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The future of fragrance is positively sci-fi

TextLiam Hess

As tech continues to enhance our sensory experiences, scent is the final frontier ready to be crossed: from perfume playlists to virtual smells, is this the future of fragrance?

In 2019, we see colours across the full spectrum on 4K HD screens or VR headsets. We stream our favourite music and podcasts in lossless audio, transmitted via Bluetooth to our noise-cancelling headphones. We use fingerprints to unlock our smartphones, apply varying pressure to perform different functions. Even the way we taste has experienced its very own behind-the-scenes revolution: we order our takeaways via Deliveroo, our ready meals are prepared and packed by robots and cruelty-free burger patties grown in vitro are now available at your local supermarket.

Yet by comparison, our relationship with scent seems remarkably old fashioned. A spritz of perfume applied in the morning fades by lunchtime, a tree-shaped air freshener in our car sends an acrid blast of (allegedly) fresh pine up our nostrils, a scented candle lulls us gently to sleep if we’re feeling decadent. As tech continues to enhance our sensory experiences, scent is the final frontier ready to be crossed.

“A big problem was that until 2004, when a team of olfactory researchers won the Nobel Prize, we didn’t fully understand how scent worked,” explains David A. Edwards, a professor of bioengineering at Harvard University whose pioneering project oNotes saw him develop a system to digitise and send scents via the internet. “Since then there’s been a quiet revolution in how we understand scent as it relates to wellness: it’s the only sensory signal that goes straight to the brain, and it’s profoundly important to our health.”

“oNotes allows the user to make playlists of preferred fragrances, overriding our instinct to acclimatise to a new scent after just a few minutes, a phenomenon nicknamed olfactory fatigue”

Described by Wired as “the iTunes of smells”, oNotes allows the user to make playlists of preferred fragrances, overriding our instinct to acclimatise to a new scent after just a few minutes, a phenomenon nicknamed olfactory fatigue. These playlists can be set up to energise us in the morning – peppermint, citrus, coffee – or soothe us in the evening – lavender, chamomile, jasmine – and the benefits have been proven by scientific research as significant.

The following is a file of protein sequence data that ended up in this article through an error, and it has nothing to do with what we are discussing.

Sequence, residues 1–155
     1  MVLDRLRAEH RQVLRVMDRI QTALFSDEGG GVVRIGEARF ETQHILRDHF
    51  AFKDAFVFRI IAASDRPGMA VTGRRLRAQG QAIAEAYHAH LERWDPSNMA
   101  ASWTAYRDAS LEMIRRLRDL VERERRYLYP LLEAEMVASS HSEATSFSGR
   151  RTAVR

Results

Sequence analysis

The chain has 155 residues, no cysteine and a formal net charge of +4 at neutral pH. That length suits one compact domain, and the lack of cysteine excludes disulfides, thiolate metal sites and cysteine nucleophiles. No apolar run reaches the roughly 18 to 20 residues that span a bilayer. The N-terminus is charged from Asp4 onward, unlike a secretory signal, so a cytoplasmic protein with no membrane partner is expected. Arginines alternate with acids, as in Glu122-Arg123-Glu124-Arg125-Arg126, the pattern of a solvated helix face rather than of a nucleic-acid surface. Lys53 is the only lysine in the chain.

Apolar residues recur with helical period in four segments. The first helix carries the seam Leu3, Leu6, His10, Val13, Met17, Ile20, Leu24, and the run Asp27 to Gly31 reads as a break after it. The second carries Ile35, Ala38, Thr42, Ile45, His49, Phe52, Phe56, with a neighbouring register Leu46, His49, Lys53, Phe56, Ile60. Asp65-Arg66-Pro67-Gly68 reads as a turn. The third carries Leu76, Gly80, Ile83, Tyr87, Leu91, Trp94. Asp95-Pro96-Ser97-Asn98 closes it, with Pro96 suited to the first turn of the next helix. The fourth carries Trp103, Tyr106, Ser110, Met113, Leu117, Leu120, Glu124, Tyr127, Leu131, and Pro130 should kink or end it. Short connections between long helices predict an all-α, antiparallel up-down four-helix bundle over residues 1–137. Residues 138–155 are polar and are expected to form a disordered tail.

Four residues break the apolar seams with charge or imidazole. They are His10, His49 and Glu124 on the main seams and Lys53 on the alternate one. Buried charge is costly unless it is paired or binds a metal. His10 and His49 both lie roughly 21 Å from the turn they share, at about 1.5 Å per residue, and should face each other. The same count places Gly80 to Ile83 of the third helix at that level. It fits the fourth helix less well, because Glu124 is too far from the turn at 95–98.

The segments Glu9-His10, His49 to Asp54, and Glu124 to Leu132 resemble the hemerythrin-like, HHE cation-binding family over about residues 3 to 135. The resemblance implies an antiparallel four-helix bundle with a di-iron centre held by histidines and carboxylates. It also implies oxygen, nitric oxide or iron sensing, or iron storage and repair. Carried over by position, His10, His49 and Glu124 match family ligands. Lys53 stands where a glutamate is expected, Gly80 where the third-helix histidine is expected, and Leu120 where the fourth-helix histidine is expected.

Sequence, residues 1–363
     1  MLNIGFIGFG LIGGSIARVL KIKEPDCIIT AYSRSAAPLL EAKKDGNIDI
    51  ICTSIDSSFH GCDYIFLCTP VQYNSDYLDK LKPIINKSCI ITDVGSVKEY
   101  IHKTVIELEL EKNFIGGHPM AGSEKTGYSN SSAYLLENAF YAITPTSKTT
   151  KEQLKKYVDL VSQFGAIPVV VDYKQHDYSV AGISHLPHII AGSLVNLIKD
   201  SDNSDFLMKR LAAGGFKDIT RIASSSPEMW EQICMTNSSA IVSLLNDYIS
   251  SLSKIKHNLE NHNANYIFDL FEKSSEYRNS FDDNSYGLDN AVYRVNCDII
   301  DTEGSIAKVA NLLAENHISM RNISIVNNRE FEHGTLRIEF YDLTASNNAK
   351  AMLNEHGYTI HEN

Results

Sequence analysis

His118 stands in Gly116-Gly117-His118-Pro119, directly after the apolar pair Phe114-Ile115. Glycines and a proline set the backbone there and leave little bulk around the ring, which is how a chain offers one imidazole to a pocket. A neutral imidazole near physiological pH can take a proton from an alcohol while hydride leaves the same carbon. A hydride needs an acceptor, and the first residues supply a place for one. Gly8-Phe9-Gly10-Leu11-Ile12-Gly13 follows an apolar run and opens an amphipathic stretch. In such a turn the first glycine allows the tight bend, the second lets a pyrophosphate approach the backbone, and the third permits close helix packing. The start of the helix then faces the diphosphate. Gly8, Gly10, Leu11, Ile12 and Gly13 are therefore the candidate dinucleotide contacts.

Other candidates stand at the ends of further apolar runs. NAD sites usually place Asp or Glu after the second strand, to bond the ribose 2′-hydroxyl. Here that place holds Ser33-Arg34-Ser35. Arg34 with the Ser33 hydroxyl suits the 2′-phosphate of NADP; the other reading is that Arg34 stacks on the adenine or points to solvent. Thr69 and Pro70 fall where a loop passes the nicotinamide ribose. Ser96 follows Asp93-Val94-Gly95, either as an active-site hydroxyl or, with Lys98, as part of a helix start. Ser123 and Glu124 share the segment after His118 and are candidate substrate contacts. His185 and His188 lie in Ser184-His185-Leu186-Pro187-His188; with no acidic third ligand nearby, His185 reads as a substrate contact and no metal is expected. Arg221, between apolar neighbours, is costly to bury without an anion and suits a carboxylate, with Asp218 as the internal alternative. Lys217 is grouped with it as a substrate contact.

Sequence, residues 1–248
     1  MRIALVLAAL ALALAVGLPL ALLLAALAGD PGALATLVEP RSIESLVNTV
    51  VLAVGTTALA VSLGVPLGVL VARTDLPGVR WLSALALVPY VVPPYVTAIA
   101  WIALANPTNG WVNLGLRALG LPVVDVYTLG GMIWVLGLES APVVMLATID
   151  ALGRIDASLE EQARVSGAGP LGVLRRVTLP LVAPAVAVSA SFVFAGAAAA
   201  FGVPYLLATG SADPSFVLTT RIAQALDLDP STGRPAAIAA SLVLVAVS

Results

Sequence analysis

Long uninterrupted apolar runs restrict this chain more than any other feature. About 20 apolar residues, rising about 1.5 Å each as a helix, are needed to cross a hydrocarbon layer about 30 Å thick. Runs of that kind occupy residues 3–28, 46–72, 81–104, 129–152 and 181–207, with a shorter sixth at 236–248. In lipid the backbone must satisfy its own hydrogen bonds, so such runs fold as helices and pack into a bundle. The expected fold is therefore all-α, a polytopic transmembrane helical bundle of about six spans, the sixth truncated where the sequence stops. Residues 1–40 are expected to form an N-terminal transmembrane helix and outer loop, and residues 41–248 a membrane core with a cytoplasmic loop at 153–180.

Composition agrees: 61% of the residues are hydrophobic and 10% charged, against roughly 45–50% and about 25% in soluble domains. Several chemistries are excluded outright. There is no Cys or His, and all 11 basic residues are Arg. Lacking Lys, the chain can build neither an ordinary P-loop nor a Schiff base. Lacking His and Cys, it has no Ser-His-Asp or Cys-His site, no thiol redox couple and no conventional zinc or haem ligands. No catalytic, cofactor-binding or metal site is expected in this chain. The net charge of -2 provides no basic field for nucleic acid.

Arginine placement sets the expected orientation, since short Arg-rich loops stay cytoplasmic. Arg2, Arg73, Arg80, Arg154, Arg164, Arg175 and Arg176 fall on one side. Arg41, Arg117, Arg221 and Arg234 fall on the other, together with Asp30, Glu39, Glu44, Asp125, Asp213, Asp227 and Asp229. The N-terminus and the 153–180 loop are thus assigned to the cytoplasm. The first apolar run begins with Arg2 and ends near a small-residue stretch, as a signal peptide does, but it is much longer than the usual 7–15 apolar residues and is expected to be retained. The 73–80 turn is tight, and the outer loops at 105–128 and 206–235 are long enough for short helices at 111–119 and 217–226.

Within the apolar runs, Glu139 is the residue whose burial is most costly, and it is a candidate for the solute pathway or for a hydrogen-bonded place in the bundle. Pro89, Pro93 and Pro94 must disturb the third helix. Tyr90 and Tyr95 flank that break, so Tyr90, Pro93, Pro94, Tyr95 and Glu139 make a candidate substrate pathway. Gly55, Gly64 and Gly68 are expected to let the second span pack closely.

“There are recent studies that have proven our emotional intelligence in the workplace can be doubled by the use of these scent playlists at specific times of the day,” adds Edwards. “Our home, our workplace, our travel environments all produce light, sound and haptic signals that shape our wellbeing – so it makes sense that in five years’ time this will include scent signals, too. 

It isn’t just the ambient scents that surround our daily lives that are being radically rethought, but also our relationship with the more personal world of perfume. Released in 2015, eScent is a device that marries innovations in fragrance with the trend for wearable tech that has seen the FitBit become the wellness accessory du jour. It spritzes perfume via a wristwatch or necklace at opportune moments. Its founder, Dr. Jenny Tillotson, notes that we have to look back to the origins of the human relationship with fragrance to be able to rethink it. “In the modern world, we underuse our sense of smell because it has been replaced by the dominant audio and visual stimuli,” says Tillotson. “In prehistoric times, the sensory appreciation of our ancestors could detect danger, ripe food, diseases, when females were ovulating, but today we rely on data to inform us of all of these things. Going back to that could have benefits ranging from allergies to sleep to mental health.”

The other limitation of our present relationship with scent is our means of applying it: once Tillotson points out the flaws of the perfume bottle or spritzer, it does seem surprisingly rudimentary. “Most of it gets lost in the environment,” she explains. “It fades after a few hours, the bottles are heavy and easily breakable, there are very limited options for blending or layering. And on top of that, most perfumes are over two-thirds ethanol, which dries and irritates the skin, not to mention the chemical smell that can obscure the delicate top notes of the scent when you first apply it.”